Scientists Urge Clinical Trials to Determine Effects in Patients
CHARLOTTESVILLE, Va., Jan. 11, 2022 – New kidney research from the University of Virginia School of Medicine is raising
concerns that long-term use of drugs commonly prescribed to treat high-blood pressure and heart failure could be
contributing to kidney damage.
Patients should continue taking the medications, which include the well-known and widely used ACE inhibitors, the
researchers say. But the scientists are urging studies to better understand the drugs’ long-term effects.
“Our studies show that renin-producing cells are responsible for the damage. We are now focusing on understanding how
these cells, which are so important to defend us from drops in blood pressure and maintain our well-being, undergo such
transformation and induce kidney damage,” said Maria Luisa Sequeira Lopez MD, of UVA’s Department of Pediatrics and
Child Health Research Center. “What is needed is to identify what substances these cells make that lead to uncontrolled
vessel growth” in the kidney.Understanding Kidney Damage
Chronic high blood pressure affects a billion people around the world. The UVA researchers wanted to better understand
why severe forms of the condition are often accompanied by thickening of the arteries and small blood vessels in the
kidney, leading to organ damage.
They found that specialized kidney cells called renin cells play an important role. These cells normally produce renin,
a vital hormone that helps the body regulate blood pressure. But harmful changes in the renin cells can cause the cells
to invade the walls of the kidney’s blood vessels. The renin cells then trigger a buildup of another cell type, smooth
muscle cells, that cause the vessels to thicken and stiffen. The result: Blood can’t flow through the kidney as it
Further, the researchers found, long-term use of drugs that inhibit the renin-angiotensin system, such as ACE
inhibitors, or angiotensin receptor blockers, have a similar effect. These drugs are widely used for many purposes,
including treating high blood pressure, congestive heart failure and heart attacks, as well as to prevent major heart
problems. But long-term use of the drugs was associated with hardened kidney vessels in both lab mice and humans, the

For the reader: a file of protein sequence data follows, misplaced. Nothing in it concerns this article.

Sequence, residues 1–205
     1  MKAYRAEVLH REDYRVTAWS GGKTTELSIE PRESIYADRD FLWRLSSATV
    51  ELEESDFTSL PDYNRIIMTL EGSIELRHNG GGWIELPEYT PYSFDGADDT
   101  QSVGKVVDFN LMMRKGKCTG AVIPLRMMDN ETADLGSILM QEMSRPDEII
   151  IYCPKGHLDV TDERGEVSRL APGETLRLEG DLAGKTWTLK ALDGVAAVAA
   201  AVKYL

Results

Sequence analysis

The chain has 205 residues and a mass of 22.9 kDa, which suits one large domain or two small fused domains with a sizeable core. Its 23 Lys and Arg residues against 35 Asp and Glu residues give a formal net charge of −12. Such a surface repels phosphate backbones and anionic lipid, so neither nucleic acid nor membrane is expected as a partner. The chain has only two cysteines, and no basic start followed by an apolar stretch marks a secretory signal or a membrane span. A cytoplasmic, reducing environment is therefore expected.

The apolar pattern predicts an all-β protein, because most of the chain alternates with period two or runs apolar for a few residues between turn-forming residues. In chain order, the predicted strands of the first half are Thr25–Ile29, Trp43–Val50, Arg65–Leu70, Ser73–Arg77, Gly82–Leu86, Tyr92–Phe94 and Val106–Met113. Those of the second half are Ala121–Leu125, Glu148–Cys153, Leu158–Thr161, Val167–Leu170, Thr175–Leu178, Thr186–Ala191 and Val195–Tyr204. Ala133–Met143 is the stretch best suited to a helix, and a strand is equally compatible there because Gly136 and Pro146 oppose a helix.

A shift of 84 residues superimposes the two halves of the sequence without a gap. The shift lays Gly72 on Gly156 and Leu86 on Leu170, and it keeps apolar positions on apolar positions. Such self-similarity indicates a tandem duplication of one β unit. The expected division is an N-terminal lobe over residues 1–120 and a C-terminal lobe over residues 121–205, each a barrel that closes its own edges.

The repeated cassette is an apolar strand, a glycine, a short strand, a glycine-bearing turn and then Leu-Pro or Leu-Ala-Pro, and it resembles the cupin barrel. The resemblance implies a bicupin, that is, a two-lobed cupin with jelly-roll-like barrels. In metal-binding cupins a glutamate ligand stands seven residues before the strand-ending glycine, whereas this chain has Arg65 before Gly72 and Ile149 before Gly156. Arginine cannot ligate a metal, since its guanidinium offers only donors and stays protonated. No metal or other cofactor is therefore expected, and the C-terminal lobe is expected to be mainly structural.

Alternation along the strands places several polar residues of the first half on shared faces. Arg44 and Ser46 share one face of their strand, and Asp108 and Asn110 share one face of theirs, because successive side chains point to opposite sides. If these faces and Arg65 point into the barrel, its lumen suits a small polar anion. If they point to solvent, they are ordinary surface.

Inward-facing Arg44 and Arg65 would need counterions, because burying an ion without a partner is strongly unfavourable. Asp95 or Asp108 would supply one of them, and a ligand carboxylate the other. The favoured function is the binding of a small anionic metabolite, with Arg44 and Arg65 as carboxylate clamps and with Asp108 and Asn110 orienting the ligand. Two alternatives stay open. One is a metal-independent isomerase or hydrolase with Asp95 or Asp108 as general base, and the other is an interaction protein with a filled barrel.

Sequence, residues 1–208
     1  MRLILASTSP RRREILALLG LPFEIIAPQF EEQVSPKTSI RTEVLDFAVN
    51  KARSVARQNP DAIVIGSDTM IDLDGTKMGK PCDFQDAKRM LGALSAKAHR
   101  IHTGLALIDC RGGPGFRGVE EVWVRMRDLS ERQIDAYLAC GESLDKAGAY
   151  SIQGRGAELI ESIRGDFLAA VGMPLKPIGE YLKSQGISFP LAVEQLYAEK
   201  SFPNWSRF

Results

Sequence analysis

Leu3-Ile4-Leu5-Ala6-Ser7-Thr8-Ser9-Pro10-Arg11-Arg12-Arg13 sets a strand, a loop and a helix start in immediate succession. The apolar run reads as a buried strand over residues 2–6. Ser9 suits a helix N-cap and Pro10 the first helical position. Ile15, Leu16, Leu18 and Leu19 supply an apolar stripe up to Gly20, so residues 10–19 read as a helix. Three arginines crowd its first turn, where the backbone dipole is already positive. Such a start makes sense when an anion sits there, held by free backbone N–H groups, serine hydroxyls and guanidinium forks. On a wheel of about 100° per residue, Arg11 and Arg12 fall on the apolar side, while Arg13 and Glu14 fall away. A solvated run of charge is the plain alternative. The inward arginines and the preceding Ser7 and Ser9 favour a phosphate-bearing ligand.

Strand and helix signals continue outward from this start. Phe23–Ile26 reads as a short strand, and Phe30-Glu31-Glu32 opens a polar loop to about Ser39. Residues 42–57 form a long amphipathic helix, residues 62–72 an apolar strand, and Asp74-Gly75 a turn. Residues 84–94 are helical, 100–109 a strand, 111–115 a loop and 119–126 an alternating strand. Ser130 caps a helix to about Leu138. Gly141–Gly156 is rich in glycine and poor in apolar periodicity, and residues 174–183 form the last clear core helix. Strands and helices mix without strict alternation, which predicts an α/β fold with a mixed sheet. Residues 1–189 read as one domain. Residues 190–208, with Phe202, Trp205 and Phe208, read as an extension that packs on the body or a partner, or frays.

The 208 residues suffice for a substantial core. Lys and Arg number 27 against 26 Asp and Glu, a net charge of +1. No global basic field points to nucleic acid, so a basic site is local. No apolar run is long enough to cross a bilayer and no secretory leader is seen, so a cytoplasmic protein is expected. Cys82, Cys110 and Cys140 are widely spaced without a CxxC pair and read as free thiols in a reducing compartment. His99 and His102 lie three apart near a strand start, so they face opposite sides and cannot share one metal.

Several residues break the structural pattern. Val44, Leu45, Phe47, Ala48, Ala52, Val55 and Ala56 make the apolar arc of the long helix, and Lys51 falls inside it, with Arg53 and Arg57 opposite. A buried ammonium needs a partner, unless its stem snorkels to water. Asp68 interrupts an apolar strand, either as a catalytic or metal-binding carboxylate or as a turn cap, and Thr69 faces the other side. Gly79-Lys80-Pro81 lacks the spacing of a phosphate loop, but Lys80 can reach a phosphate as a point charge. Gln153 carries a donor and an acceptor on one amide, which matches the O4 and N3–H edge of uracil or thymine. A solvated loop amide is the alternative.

The researchers note that the medications can be lifesaving for patients, so they stress the importance of continuing to
take them. But they say additional studies are needed to better understand the drugs’ long-term effects on the kidneys.
“It would be important to conduct prospective, randomized controlled studies to determine the extent of functional and
tissue damage in patients taking medications for blood pressure control,” said Ariel Gomez, MD, of UVA’s Department of
Pediatrics and Child Health Research Center. “It is imperative to find out what molecules these cells make so that we
can counteract them to prevent the damage while the hypertension is treated with the current drugs available today.”Findings Published
The researchers have published their findings in the scientific journal JCI Insight
. The article was selected as a cover story. The research team consisted of Hirofumi Watanabe, Alexandre G. Martini,
Evan A. Brown, Xiuyin Liang, Silvia Medrano, Shin Goto, Ichiei Narita, Lois J. Arend, Sequeira Lopez and Gomez.
The research was supported by the National Institutes of Health, grants P50 DK 096373, R01 DK 116718, R01 DK 116196, R01
DK 096373 and R01 HL 148044; and the Japan Society for the Promotion of Science Overseas Research Fellowships.
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